# Re: [R] function for the average or expected range?; CORECTION

From: Greg Snow <Greg.Snow_at_imail.org>
Date: Mon, 24 Mar 2008 10:22:27 -0600

Well it looks like you found your answer. Further the fact that my suggestions of possibilities did not help and the fact that noone else has chimed in would suggest that there is not any easier way to get your answer.

I was thinking that taking into account the correlation between the min and the max may give different answers than your formula, but so far my tests have not shown enough of a difference to matter. If you use this with a distribution rather than the normal, you may want to do a couple of simulations just to check, but otherwise your formula seems to be working fine.

Hope this helped,

```--
Gregory (Greg) L. Snow Ph.D.
Statistical Data Center
Intermountain Healthcare
greg.snow_at_imail.org
(801) 408-8111

> -----Original Message-----
> From: Spencer Graves [mailto:spencer.graves@pdf.com]

> Sent: Saturday, March 22, 2008 9:40 AM
> To: Greg Snow
> Cc: r-help_at_r-project.org
> Subject: Re: [R] function for the average or expected range?;
> CORECTION
>
> Hi, Greg:
>
>       1.  I did the integration in Excel for four reasons:
> First, it's easier (even for me) to see what's happening and
> debug for something that simple.  Second, my audience were
> people who were probably not R literate, and they could
> likely understand and use the Excel file easier than than an
> R script.  Third, my experience with the R 'integrate' has
> been less than satisfactory, especially when integrating from
> (-Inf) to Inf.  Finally, to check my work, I often program
> things like that first in Excel then in R.  If I get the same
> answer in both, I feel more confident in my R results.  I
> haven't programmed this result in R yet, but if I do, the
> fact that I already did it in Excel will make it easier for
> me to be confident of the answers.  The function
> "getParamerFun{qAnalyst}" gets the correct answer from n =
> 2:25 but returns wrong answers outside that range.
>
>
>       2.  I think the "CORRECTION TO CORRECTION" included a correct
> formula:
>
>            E(R) = n*integral{-Inf to Inf of x*[(F(x))**(n-1)
> - (1-F(x))**(n-1)]*dF(x).
>
>       The "CORRECTION" omitted the "x*".  The first version
>
>       Am I communicating?
>       Best Wishes,
>       Spencer
>
> Greg Snow wrote:
> > Why do the integration in Excel instead of using the integrate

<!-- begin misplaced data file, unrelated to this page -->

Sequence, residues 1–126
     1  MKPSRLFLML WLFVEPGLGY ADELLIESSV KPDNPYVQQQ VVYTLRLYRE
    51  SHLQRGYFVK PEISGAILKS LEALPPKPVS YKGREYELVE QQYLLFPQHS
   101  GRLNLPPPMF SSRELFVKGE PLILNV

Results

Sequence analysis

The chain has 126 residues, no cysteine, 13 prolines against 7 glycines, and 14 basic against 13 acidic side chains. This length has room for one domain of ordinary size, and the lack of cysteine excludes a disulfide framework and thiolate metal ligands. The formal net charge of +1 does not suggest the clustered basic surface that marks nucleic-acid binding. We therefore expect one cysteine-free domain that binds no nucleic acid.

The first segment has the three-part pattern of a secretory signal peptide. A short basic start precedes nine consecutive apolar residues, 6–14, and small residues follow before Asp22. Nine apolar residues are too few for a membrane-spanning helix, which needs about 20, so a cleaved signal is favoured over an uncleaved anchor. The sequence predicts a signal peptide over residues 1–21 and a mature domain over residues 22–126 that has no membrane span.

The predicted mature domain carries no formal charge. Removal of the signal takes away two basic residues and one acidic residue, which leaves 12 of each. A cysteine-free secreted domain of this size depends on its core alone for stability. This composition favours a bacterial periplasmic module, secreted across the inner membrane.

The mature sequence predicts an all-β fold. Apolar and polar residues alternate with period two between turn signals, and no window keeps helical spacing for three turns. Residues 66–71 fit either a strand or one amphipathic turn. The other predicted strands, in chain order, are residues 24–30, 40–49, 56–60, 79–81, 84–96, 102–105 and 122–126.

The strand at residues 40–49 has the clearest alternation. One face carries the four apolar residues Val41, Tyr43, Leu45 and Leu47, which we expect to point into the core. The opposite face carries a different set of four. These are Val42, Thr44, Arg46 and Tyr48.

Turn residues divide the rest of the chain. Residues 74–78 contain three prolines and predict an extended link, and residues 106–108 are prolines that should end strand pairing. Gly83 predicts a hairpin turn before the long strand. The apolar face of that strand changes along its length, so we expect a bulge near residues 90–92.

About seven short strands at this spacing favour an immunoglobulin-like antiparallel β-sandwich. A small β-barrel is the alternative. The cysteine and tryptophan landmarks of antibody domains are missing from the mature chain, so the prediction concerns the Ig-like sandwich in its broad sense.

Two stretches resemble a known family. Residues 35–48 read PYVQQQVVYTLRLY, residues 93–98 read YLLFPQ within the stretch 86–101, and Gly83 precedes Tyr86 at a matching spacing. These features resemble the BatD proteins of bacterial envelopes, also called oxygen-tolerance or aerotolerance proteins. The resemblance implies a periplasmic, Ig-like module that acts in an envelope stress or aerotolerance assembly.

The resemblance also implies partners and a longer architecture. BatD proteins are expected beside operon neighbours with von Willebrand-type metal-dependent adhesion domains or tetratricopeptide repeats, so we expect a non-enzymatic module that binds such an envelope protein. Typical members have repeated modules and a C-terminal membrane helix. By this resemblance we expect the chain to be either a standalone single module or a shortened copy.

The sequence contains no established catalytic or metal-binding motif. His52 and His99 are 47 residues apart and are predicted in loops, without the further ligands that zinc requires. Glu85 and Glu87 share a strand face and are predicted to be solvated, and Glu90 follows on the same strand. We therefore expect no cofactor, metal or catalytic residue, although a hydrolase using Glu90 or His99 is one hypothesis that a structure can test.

> > function in R?  The R function will allow integration from
> -Inf to Inf.
> >
> > What was the correction to the formula?  The last one you showed
> > looked like the difference between the average min and average max,
> > but did not take into account the correlation between the
> max and min
> > (going from memory, don't have my theory books handy). For
> large n the
> > correlation is probably small enough that it makes a good
> approximation.
> >
> >
> ----------------------------------------------------------------------
> > --
> > *From:* Spencer Graves [mailto:spencer.graves_at_pdf.com]
> > *Sent:* Fri 3/21/2008 3:39 PM
> > *To:* Greg Snow
> > *Cc:* r-help_at_r-project.org
> > *Subject:* Re: [R] function for the average or expected range?;
> > CORECTION
> >
> > Hi, Greg:
> >
> >       Thanks very much for the reply.
> >
> >       1.  The 'ptukey' and 'qtukey' function are the
> distribution of
> > the studentized range, not the range.  I tried "sum(ptukey(x, 2,
> > df=Inf, lower=FALSE))*.1" and got 1.179 vs. 1.128 in the standard
> > table of d2 for n = 2 observations per subgroup.
> >
> >       2.  I tried simulation and found that I needed 1e7 or
> 1e8 random
> > normal deviates to get the accuracy of the published table.
> >
> >       3.  Then I programmed in Excel the integral over
> seq(-5, 5, .1)
> > using a correction to the formula I got from Kendall and Stuart and
> > got the exact numbers in the published table except in one
> case where
> > it was off by 1 in the last significant digit.
> >
> >       Thanks again,
> >       Spencer
> >
> > Greg Snow wrote:
> > > The "ptukey" and "qtukey" functions may be what you want (or at
> > > least in the right direction).
> > >
> > > You could also easily estimate this by simulation.
> > >
> > > Hope this helps,
> > >
> > >
> >
>

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